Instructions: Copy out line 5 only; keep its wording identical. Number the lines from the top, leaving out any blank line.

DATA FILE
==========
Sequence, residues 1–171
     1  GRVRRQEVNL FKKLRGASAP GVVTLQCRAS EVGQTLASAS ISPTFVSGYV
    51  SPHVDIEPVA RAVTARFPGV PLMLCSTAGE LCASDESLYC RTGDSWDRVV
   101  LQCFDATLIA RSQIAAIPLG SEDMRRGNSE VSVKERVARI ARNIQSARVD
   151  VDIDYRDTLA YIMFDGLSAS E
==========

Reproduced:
   151  VDIDYRDTLA YIMFDGLSAS E